“Hungary is committed to climate protection, and also with regard to the related tasks it regards it as important that the funding available for rural development should not be reduced within the European Union’s upcoming multiannual financial framework”, the Ministry of Agriculture’s Minister of State for Rural Development said on Thursday in Kaposvár.

At the Agrárutak (“Agrarian Paths”) conference organised by the Somogy County Directorate of the Hungarian Chamber of Agriculture and the University of Kaposvár, Miklós Kis repeated that according to the European Commission’s proposal, there will be less money available to the Common Agricultural Policy (CAP) from 2020, and Hungary would have a budget of some 940 billion forints (EUR 3bn) available for rural development instead of the previous 1300 billion (EUR 4.15bn).

“We say that this cannot be accepted, because if we wish to prescribe most commitments for agriculture with relation to environmental protection criteria, is it vital that we are able to assure at least the previous level of compensation”, the Minister of State stressed.

‘The Hungarian Government is working to assure that the upcoming new European Parliament and Commission votes in favour of a budget that preserves the current level of CAP funding’, he added.

Mr. Kis spoke about the fact that a host of climate protection-related projects have received funding within the framework of the rural development programme in recent years, citing as an example the development of forest areas, agrarian environmental protection programme, and, amongst others, the maintenance of ecological farming.

General Director of the National Centre for Agricultural Research and Innovation Csaba Gyuricza said agriculture forestry is extremely important from the perspective of climate protection and climate change.

There are 600-900 thousand hectares of unfavourable agricultural land in Hungary where traditional technologies cannot be applied in an ecological and economically sustainable manner, not least because extreme weather conditions further worsen production conditions, he explained.

Chairman of the Somogy County Directorate of the Hungarian Chamber of Agriculture Sándor Gombos said there is a single path before Hungarian agriculture: improving its competitiveness. “While Hungary sells one unit of produced agricultural goods at one and a half times the price with little added value, this same index is 2.5 units in Poland, 3 in Germany, 4 in Holland and 5 in Belgium.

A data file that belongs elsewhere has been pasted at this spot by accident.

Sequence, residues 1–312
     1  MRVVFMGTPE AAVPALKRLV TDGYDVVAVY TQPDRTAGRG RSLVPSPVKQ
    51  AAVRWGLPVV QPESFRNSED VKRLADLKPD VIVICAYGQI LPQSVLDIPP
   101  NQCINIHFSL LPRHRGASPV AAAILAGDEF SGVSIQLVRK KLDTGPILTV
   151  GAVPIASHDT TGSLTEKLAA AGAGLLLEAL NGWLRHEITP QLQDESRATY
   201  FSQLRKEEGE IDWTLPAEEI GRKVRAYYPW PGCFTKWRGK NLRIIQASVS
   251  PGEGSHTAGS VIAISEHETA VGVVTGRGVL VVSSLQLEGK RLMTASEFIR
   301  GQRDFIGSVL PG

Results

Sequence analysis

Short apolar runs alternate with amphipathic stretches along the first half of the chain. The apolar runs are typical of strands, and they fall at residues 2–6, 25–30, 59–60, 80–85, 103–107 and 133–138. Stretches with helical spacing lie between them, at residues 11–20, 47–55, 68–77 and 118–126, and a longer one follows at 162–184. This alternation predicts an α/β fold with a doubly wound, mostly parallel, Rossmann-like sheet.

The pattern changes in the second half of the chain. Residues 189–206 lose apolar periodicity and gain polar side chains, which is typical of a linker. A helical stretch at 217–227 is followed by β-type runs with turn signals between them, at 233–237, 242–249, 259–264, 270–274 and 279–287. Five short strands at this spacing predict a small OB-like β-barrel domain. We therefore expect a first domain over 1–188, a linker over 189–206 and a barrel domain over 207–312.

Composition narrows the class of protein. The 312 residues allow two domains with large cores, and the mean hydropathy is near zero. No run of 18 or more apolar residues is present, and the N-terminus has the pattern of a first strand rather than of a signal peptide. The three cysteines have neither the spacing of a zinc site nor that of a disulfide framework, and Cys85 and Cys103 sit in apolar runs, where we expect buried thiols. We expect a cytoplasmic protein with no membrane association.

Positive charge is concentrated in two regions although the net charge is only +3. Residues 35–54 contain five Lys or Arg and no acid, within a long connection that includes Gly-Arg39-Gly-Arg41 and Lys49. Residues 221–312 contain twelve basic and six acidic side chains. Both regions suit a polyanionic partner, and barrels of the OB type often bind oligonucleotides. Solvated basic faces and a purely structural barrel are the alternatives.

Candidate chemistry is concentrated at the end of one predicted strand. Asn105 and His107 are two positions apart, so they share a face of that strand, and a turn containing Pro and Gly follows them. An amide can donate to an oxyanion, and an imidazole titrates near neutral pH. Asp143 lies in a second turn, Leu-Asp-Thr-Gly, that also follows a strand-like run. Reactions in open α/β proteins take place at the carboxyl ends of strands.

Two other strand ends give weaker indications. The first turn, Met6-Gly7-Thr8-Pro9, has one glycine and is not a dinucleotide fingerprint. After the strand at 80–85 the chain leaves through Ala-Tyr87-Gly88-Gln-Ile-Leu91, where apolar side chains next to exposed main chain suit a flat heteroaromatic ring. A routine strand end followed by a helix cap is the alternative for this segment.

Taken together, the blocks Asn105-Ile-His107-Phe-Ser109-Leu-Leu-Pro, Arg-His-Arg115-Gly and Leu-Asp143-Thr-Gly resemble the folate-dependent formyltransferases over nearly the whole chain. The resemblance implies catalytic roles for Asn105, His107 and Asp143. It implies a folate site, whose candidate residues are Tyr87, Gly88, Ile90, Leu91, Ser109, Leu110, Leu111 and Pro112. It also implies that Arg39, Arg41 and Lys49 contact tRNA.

“The organisation of agricultural producers must also be improved, because currently only about 10 percent of the 350-360 thousand producers belong to some kind of farmers’ group or organisation instead of the 60 percent that would be expedient”, he pointed out.

Deputy Rector of Kaposvár University János Tossenberger spoke about the fact that experts are searching for solutions to climate change and will eventually find them, but the transfer and provision of information is important to enable these solutions to also appear in everyday life.

In her lecture, climate researcher Mónika Lakatos from the National Meteorological Service predicted a further increase in the Earth’s average temperate, and hotter summers and more frequent heatwaves for Hungary. She also said that the distribution of rainfall is expected to develop in an unfavourable manner, with an increased threat of droughts.

“A drastic reduction of carbon dioxide emission is required for the increase in the average temperature to not exceed 2 degrees compared to the time of the industrial revolution, and without such a decrease a growth in temperature of 4-6 degrees is not unimaginable”, she emphasised.